KCC has now published a report, presumably as a result of Paul Carter's promise of action, showing that the number of exclusions rose by 21% across the county in 2010-2011, a figure which should have been expected from the data I published. There is now some more up-to date- evidence taking the story up to October 2011, but this merely indicates that the problems have continued.
Several of the key issues I identified were:
1) The shocking comparisons with Medway Council - of whom I am often critical, although not in this case. They have proved that, with appropriate management, the number of exclusions can be reduced dramatically using as a final stage the 'managed move' where the child is transferred by agreement to another school, without the bureaucracy, the formality, stigma, or alternatively, the badge of honour, of the formal permanent exclusion. Last year Medway Council had eight permanent exclusions in total (all from two secondary schools, seven of these from a school in serious difficulties). This compares with a figure of 250 in Kent, up from 202 in 2010/11.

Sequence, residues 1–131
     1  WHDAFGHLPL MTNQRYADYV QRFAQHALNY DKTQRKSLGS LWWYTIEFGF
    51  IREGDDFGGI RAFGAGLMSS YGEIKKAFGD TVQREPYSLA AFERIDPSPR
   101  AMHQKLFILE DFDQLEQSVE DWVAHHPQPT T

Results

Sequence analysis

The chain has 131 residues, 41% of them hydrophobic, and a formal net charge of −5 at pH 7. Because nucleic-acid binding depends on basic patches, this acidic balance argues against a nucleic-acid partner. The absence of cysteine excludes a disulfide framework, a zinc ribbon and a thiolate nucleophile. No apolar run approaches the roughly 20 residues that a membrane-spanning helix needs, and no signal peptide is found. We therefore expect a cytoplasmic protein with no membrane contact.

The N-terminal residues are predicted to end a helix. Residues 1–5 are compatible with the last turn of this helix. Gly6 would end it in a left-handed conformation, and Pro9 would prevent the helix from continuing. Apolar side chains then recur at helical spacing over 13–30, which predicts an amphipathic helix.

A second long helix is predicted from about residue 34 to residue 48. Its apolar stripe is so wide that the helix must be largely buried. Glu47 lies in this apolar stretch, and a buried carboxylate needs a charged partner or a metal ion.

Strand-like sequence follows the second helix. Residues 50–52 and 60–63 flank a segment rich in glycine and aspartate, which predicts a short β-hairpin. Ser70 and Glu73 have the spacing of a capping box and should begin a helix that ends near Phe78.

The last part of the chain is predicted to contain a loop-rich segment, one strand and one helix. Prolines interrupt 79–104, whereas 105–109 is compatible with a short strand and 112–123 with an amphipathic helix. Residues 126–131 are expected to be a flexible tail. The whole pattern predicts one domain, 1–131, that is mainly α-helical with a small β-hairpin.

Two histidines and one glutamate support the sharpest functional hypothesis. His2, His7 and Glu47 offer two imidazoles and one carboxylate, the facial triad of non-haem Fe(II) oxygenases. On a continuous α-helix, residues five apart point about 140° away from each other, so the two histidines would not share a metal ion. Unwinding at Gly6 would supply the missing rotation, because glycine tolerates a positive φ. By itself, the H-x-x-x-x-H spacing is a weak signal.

2) The high number of permanent exclusions in Academies, who have no accountability to KCC over such matters. These included the two highest excluding schools in the county. I am sure it is a coincidence, but subsequent to the publicity, neither of these schools excluded additional children in the two summer terms. KCC figures show that there is a wide discrepancy between East Kent and the rest of the county, EK academies accounting for 43 out of 63 secondary exclusions in academies across the county, and EK mainstream schools accounting for 71 out of 132 in total. Those proportions have continued into 2011/12. Of course the figures were produced when there were significantly fewer academies than there are this year, so if the trend continues we can expect the figures to rise further. Overall academy exclusions account for over half of the total, although only a third of the pupils.